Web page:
Clinical trials and mobile technology

Petri dish

Clinical trials refer to testing the effectiveness of experimental drugs. They are experiments conducted on humans that are designed to assess the safety and efficacy of a particular health intervention, such as a drug, medical device, surgical procedure, diagnostic test or a type of public health program.

Clinical trials are typically categorised into 4 main phases (with an initiation of a pre-clinical phase), with each phase progressing only if the previous phase has been deemed a success:

Phase Summary of clinical trial phases
Pre-clinical Research/Drug target identification
Phase I Testing of drug on healthy volunteers for dose-ranging
Phase II Testing of drug on patients to assess efficacy and safety
Phase III Testing of drug on patients to assess efficacy, effectiveness and safety
Phase IV Post-marketing surveillance – watching drug use in public

It is illegal to sell medicines without permission from a licensing authority. Permission will not usually be granted unless a clinical trial has demonstrated the medicine’s success in treating the condition for which it will be marketed¹.

Clinical trials, in addition to generating valuable scientific evidence, also provide patients with an important way of accessing products that have not yet reached the market, offering hope to those for whom existing treatments have failed. The necessity for a clinical trial to be performed before a medicine can gain regulatory approval means that clinical trials are also big business.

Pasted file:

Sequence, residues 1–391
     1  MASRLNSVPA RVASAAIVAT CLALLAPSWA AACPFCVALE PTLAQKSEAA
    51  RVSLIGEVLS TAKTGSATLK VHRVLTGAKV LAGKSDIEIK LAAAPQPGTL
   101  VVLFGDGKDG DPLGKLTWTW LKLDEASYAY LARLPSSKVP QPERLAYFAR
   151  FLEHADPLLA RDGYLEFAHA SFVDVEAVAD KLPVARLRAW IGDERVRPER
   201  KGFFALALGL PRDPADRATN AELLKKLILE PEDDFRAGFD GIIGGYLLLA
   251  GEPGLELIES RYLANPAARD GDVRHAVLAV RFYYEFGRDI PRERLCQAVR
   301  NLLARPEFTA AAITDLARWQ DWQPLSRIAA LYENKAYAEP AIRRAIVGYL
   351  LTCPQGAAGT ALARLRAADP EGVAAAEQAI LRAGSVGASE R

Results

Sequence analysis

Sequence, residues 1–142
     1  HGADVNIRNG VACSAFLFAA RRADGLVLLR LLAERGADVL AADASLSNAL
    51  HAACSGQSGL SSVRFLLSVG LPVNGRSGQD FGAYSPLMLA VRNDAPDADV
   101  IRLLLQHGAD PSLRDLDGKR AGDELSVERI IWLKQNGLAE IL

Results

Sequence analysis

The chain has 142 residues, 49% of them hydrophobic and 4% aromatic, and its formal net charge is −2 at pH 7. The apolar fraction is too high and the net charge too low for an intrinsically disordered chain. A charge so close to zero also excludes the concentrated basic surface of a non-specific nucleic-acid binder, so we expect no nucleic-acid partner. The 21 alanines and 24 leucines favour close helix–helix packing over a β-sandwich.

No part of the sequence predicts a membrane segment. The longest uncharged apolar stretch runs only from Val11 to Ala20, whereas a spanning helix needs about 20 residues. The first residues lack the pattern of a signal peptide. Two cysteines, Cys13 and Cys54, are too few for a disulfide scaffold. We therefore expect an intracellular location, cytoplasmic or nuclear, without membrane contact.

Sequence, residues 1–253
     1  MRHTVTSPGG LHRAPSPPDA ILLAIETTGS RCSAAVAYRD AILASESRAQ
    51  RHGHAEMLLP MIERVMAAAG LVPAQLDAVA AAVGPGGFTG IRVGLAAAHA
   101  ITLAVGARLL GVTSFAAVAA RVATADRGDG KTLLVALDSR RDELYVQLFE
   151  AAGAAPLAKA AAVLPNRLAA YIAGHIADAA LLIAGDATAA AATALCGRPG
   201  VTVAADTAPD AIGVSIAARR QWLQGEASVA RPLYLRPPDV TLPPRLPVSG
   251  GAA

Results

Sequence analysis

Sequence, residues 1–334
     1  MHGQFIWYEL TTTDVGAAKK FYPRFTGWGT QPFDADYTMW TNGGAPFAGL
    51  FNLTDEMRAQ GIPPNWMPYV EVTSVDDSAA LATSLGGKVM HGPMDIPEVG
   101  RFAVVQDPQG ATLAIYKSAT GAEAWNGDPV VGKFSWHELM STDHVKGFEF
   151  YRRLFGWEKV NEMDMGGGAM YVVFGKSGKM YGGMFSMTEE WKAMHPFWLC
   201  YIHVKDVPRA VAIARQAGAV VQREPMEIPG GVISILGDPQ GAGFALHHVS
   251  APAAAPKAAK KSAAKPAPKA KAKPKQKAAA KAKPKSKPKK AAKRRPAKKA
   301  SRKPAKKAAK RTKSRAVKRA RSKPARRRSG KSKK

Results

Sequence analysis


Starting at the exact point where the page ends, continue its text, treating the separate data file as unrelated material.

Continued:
As mentioned in a our write-up, technology is not necessarily new in healthcare, or in this context-clinical trials. The last major technical evolution in clinical trial execution was moving from paper-based processes to electronic data capture (EDC). Since the third wave of IT hit healthcare, we are now seeing full digitisation of this industry i.e. digital health, including usage mobile health, cloud server technology, wearables as well as advanced analytics that enable new operating models.

As most of us are aware, most of clinical trial data comes from the patient and it is these data that creates value in a clinical study. Hence, the patient in a clinical study trial is significant. As healthcare becomes more patient-centric, it makes sense to place the patient right at the centre of a clinical trial study.


The emergence and popularity of patient-centric applications provide a great opportunity for pharmaceutical manufacturers to engage patients and create a customised, direct relationship with them. And the clinical trial space provides an excellent channel to leverage these technologies. The integration of mobile technology in new clinical trial design holds promise for aligning site and patient needs with faster study execution and reduced costs. Mobile technologies are already being used in clinical trial recruitment and retention, with the capacity to be used even more.

In addition, there is an increasing trend in using mHealth technologies to integrate with existing electronic patient record outcomes (ePRO) systems, electronic medical records (EMR) or electronic health records (EHR), case report forms (CRF) and clinical trial management systems (CTMS) , with the objective of to create a seamless connection from one to another so everyone on the trial i.e. clinicians and patients a like, can be on the same page about how they are progressing with the study. In addition, cloud server technology has become even more advance with the added ability to store data safe and securely.